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Hawaii Hams Muster to Help Forecasters Track Tropical Storm Flossie:

from The ARRL Letter on August 8, 2013
Website: http://www.arrl.org/
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Hawaii Hams Muster to Help Forecasters Track Tropical Storm Flossie:

Amateur Radio operators in Hawaii kept National Weather Service (NWS) meteorologists and local emergency operations centers up to date on changing conditions and power outages, as Tropical Storm Flossie pounded parts of Hawaii and Maui counties July 29-30 with heavy rain and lightning. Radio amateurs organized a joint SKYWARN http://skywarn.org / ARES http://www.arrl.org/ares / RACES http://www.arrl.org/chapter-4-ares-and-races operation using eight VoIP and microwave-linked VHF and UHF repeaters from state and county RACES to serve the NWS, the Central Pacific Hurricane Center (CPHC http://www.prh.noaa.gov/cphc/) and state and county officials.

Clem Jung, KH7HO, opened a SKYWARN http://skywarn.org net from the NWS Honolulu http://www.prh.noaa.gov/hnl/ office ham station the evening of July 29 to establish an operational plan. The net reconvened the next morning on the AllStar Link https://allstarlink.org/about.html repeater system and on 7.088 MHz. ARES and RACES members also participated.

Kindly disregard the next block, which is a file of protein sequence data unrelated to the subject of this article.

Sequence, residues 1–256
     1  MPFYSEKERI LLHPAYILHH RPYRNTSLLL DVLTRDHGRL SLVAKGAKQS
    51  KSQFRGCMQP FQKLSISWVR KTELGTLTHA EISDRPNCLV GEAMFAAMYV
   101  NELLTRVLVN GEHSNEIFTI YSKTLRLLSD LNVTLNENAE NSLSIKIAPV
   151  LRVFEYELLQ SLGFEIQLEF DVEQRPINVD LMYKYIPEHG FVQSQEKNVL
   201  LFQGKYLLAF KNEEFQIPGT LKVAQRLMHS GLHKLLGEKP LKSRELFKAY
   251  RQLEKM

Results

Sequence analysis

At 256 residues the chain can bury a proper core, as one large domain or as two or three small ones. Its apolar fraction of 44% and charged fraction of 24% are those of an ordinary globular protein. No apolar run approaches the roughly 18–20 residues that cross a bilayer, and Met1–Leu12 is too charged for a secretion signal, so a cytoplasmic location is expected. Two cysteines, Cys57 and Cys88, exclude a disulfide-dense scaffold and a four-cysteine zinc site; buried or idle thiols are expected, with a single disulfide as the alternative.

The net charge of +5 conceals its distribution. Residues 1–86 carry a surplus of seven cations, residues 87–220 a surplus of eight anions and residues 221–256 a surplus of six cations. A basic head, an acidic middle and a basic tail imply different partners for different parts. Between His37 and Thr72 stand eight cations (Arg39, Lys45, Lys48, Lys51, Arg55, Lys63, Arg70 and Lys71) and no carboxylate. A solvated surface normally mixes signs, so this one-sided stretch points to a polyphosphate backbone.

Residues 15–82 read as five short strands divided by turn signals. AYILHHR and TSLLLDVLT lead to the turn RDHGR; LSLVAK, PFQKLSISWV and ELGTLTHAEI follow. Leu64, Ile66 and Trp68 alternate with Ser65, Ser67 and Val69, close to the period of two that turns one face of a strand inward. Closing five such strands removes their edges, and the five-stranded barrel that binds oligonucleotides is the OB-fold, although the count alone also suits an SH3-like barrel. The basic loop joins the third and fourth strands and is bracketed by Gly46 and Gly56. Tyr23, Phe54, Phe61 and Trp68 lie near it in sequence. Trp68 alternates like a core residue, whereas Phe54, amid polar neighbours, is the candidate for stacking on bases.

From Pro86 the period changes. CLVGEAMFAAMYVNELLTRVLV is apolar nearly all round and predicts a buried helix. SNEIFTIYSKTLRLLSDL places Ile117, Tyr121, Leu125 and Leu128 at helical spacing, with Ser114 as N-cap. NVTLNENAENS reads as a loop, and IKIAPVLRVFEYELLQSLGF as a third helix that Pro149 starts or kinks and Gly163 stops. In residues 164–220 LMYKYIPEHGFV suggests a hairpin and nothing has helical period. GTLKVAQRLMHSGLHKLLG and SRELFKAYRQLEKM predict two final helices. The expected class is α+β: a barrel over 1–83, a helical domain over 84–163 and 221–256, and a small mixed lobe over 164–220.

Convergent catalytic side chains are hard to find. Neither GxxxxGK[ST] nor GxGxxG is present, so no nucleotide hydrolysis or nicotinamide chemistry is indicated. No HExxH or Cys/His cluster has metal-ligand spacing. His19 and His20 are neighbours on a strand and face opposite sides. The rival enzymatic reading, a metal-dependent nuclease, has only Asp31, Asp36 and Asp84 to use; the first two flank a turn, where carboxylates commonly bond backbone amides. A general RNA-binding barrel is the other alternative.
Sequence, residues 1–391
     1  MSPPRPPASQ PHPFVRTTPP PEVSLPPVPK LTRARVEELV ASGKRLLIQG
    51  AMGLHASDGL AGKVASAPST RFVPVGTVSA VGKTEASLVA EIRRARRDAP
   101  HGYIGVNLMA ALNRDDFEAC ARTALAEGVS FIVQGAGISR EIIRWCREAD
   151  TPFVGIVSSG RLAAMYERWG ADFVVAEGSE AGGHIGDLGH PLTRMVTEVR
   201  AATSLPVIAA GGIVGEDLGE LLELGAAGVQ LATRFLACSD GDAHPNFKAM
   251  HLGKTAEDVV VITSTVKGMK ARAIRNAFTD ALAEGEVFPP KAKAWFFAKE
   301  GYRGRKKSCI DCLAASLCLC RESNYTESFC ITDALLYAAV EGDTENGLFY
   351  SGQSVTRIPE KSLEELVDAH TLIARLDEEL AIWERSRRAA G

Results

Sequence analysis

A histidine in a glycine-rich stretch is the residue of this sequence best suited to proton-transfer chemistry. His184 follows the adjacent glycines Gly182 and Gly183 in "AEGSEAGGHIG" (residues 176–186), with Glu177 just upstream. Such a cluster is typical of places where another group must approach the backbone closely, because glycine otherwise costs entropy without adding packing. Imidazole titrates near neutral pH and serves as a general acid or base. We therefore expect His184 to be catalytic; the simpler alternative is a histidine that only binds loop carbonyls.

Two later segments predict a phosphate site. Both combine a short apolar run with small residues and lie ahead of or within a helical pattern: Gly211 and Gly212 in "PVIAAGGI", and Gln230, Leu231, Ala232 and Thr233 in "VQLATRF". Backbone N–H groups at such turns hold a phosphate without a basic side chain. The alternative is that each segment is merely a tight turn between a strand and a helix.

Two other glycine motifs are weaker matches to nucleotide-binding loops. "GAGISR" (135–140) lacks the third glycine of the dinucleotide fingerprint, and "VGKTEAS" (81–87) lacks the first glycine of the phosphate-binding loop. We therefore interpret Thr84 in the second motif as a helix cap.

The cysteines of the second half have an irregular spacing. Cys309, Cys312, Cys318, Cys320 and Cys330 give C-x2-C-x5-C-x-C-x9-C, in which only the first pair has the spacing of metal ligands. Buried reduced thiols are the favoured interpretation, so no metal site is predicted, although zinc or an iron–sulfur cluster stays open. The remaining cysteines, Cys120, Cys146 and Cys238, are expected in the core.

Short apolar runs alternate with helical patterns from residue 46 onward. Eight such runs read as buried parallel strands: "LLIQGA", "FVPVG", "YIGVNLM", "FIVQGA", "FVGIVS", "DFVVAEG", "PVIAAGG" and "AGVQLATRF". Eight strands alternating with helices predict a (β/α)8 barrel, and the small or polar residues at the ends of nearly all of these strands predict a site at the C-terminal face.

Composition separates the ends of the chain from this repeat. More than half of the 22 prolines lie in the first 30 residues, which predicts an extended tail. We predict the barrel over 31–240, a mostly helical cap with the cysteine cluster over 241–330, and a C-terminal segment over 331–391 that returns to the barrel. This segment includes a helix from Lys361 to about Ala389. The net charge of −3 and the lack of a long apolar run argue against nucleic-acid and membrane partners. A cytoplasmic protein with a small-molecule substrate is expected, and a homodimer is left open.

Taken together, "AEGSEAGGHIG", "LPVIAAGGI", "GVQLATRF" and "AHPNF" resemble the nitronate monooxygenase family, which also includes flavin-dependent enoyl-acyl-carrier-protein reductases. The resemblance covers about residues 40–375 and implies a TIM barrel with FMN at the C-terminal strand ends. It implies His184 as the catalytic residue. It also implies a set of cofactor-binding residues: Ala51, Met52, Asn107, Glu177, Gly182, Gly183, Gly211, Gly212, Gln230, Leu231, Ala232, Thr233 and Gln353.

Over its 12 hours of activation, the net recorded 67 check-ins and reports from hams in all four Hawaii counties. Net control stations received reports from throughout the state via Amateur Radio as well as by cell phones and even social media. All reports were shared with CPHC meteorologists. Harvey Monomura, AH6JA, and others on East Hawaii provided ground observations of rain and lightning conditions to supplement what forecasters were seeing via radar and infrared satellite imaging. The state EOC and the county EOCs also monitored the SKYWARN reports. As the storm moved west, stations on Maui reported considerable lightning and rain, and even small hail, coupled with power outages. As the storm diminished, the CPHC gave the okay to close the SKYWARN NET late on July 30.

"This cooperation between the SKYWARN net control stations and the NWS was fantastic," said Jung. "This success was possible because emergency coordinators had worked previously with the Amateur Radio community that participated in this net." Read more http://www.arrl.org/news/hawaii-hams-muster-to-help-forecasters-track-tropical-storm-flossie.

Source:

The ARRL Letter

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